Office of Energy Efficiency and Renewable Energy (EERE) Indexed Site

    GATE: Energy Efficient Vehicles for Sustainable Mobility Vehicle Technologies Office Merit Review 2014: GATE: Energy Efficient Vehicles for Sustainable Mobility Presentation given...

  18. GATE Center for Automotive Fuel Cell Systems at Virginia Tech

    Office of Energy Efficiency and Renewable Energy (EERE) Indexed Site

    current density, requires an understanding of liquid water transport in gas diffusion media * Research by students that have completed GATE center coursework, used GATE labs,...

  19. Possible Dynamically Gated Conductance along Heme Wires in Bacterial...

    Broader source: All U.S. Department of Energy (DOE) Office Webpages (Extended Search)

    Possible Dynamically Gated Conductance along Heme Wires in Bacterial Multiheme Cytochromes. Possible Dynamically Gated Conductance along Heme Wires in Bacterial Multiheme...

  20. GATE Center of Excellence at UAB in Lightweight Materials for...

    Broader source: Energy.gov (indexed) [DOE]

    GATE Center of Excellence at UAB in Lightweight Materials for Automotive Applications GATE Center of Excellence at UAB in Lightweight Materials for Automotive Applications 2011 DOE...

  1. Vehicle Technologies Office Merit Review 2014: GATE Center of...

    Broader source: Energy.gov (indexed) [DOE]

    GATE Center of Excellence at UAB for Lightweight Materials and Manufacturing for Automotive, Truck and Mass Transit. ti026vaidya2014p.pdf More Documents & Publications GATE...

  2. Vehicle Technologies Office Merit Review 2015: Gate Driver Optimizatio...

    Office of Energy Efficiency and Renewable Energy (EERE) Indexed Site

    Gate Driver Optimization for WBG Applications Vehicle Technologies Office Merit Review 2015: Gate Driver Optimization for WBG Applications Presentation given by Oak Ridge National...

  3. GATE Center of Excellence at UAB in Lightweight Materials for...

    Office of Energy Efficiency and Renewable Energy (EERE) Indexed Site

    & Publications GATE Center of Excellence at UAB in Lightweight Materials for Automotive Applications GATE Center of Excellence at UAB in Lightweight Materials for...

  4. PENN STATE DOE GRADUATE AUTOMOTIVE TECHNOLOGY EDUCATION (GATE...

    Office of Energy Efficiency and Renewable Energy (EERE) Indexed Site

    PENN STATE DOE GRADUATE AUTOMOTIVE TECHNOLOGY EDUCATION (GATE) PROGRAM FOR PENN STATE DOE GRADUATE AUTOMOTIVE TECHNOLOGY EDUCATION (GATE) PROGRAM FOR 2009 DOE Hydrogen Program and...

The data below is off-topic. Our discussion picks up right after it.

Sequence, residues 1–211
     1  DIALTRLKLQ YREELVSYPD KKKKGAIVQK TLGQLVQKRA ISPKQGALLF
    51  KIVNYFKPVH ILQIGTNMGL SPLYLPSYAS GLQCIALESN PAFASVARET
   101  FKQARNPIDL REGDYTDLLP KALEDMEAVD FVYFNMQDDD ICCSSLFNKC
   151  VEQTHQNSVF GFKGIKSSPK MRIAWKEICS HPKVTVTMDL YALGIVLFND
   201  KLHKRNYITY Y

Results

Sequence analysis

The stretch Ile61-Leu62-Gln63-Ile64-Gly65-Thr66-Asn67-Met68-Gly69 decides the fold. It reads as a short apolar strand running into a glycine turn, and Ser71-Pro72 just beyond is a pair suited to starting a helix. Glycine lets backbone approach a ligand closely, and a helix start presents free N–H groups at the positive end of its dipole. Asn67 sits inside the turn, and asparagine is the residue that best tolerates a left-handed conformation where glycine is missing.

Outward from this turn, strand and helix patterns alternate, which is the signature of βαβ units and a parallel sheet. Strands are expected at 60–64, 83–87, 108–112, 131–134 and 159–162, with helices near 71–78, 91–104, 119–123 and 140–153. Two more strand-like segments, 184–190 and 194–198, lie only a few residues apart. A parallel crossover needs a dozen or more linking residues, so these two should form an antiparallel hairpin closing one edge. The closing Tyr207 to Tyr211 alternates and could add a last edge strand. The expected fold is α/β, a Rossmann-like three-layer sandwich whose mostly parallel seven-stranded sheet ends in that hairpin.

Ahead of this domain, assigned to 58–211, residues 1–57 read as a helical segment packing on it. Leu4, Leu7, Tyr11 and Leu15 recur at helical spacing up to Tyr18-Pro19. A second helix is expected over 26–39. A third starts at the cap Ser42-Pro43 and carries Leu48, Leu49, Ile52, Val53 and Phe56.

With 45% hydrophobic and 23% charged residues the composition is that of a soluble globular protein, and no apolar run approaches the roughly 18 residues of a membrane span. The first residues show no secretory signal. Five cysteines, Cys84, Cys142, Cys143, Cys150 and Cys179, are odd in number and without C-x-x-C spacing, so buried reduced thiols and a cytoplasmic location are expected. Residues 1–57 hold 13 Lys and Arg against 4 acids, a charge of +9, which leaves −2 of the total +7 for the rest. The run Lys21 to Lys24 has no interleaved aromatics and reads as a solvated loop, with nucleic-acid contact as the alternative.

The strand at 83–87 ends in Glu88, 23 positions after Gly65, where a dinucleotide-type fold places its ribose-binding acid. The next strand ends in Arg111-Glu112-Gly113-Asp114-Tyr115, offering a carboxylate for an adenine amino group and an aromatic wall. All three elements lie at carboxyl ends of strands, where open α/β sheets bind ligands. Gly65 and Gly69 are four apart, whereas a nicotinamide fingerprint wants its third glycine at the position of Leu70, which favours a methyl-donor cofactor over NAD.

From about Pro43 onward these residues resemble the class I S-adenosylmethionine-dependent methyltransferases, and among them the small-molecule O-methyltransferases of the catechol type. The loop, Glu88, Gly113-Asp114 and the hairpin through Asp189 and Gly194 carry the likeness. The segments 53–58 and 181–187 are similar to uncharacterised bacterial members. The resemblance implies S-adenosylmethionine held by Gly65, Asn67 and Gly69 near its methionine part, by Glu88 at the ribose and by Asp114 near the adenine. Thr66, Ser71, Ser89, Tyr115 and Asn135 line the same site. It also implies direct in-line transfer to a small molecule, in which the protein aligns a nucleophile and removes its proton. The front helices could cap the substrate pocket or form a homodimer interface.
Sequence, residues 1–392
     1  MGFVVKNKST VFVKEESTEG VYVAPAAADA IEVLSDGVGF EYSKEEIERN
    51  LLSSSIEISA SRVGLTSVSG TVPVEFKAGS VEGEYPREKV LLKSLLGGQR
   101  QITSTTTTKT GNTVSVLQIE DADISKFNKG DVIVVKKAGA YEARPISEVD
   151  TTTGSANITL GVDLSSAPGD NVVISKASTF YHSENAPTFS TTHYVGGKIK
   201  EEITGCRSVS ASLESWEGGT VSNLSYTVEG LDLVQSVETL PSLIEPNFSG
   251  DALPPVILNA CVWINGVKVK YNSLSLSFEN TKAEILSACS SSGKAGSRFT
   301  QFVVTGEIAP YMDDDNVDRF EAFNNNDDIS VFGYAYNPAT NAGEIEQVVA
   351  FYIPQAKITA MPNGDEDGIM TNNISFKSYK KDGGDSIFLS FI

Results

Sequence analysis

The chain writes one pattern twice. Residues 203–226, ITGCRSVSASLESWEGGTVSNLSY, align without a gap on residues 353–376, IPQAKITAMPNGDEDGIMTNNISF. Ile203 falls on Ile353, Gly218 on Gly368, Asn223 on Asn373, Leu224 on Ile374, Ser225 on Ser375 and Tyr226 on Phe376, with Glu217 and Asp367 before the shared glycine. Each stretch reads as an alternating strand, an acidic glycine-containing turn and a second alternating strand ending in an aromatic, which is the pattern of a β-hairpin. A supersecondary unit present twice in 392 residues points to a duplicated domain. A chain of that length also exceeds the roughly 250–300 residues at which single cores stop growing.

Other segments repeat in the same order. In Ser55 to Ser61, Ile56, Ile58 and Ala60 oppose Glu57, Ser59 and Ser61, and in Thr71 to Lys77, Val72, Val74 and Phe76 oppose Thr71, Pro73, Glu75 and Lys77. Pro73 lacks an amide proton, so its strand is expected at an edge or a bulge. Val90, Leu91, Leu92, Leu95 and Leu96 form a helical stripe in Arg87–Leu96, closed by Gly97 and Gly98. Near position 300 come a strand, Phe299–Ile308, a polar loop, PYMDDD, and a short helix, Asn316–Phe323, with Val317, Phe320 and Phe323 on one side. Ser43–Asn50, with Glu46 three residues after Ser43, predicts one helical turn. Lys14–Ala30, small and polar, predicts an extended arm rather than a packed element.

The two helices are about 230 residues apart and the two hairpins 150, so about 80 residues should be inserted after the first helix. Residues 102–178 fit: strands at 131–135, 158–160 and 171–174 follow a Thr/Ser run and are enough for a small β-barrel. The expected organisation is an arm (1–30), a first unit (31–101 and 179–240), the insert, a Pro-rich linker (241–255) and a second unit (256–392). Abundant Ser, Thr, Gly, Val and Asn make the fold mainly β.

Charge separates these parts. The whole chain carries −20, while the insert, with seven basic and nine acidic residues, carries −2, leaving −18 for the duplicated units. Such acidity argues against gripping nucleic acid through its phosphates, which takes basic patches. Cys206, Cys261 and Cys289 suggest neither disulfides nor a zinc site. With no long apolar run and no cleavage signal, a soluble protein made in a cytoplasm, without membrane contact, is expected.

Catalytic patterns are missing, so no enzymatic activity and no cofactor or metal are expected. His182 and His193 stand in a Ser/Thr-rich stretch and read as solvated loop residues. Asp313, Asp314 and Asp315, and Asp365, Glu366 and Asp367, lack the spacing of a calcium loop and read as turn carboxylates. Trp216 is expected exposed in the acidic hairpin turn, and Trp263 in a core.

5. Oxygen migration in TiO{sub 2}-based higher-k gate stacks

    SciTech Connect (OSTI)

    Kim, Sang Bum; Brown, Stephen L.; Rossnagel, Stephen M.; Bruley, John; Copel, Matthew; Hopstaken, Marco J. P.; Narayanan, Vijay; Frank, Martin M. [IBM T.J. Watson Research Center, 1101 Kitchawan Road, Yorktown Heights, New York 10598 (United States)

    2010-03-15T23:59:59.000Z

    We report on the stability of high-permittivity (high-k) TiO{sub 2} films incorporated in metal-oxide-silicon capacitor structures with a TiN metal gate electrode, focusing on oxygen migration. Titanium oxide films are deposited by either Ti sputtering [physical vapor deposition (PVD)] followed by radical shower oxidation or by plasma-enhanced atomic layer deposition (PEALD) from titanium isopropoxide (Ti{l_brace}OCH(CH{sub 3}){sub 2{r_brace}4}) and O{sub 2} plasma. Both PVD and PEALD films result in near-stoichiometric TiO{sub 2} prior to high-temperature annealing. We find that dopant activation anneals of TiO{sub 2}-containing gate stacks at 1000 deg. C cause 5 A or more of additional SiO{sub 2} to be formed at the gate-dielectric/Si-channel interface. Furthermore, we demonstrate for the first time that oxygen released from TiO{sub 2} diffuses through the TiN gate electrode and oxidizes the poly-Si contact. The thickness of this upper SiO{sub 2} layer continues to increase with increasing TiO{sub 2} thickness, while the thickness of the regrown SiO{sub 2} at the gate-dielectric/Si interface saturates. The upper SiO{sub 2} layer degrades gate stack capacitance, and simultaneously the oxygen-deficient TiO{sub x} becomes a poor insulator. In an attempt to mitigate O loss from the TiO{sub 2}, top and bottom Al{sub 2}O{sub 3} layers are added to the TiO{sub 2} gate dielectric as oxygen barriers. However, they are found to be ineffective, due to Al{sub 2}O{sub 3}-TiO{sub 2} interdiffusion during activation annealing. Bottom HfO{sub 2}/Si{sub 3}N{sub 4} interlayers are found to serve as more effective oxygen barriers, reducing, though not preventing, oxygen downdiffusion.

  6. Extremely scaled high-k/In?.??Ga?.??As gate stacks with low leakage and low interface trap densities

    SciTech Connect (OSTI)

    Chobpattana, Varistha; Mikheev, Evgeny; Zhang, Jack Y.; Mates, Thomas E.; Stemmer, Susanne [Materials Department, University of California, Santa Barbara, California 93106-5050 (United States)

    2014-09-28T23:59:59.000Z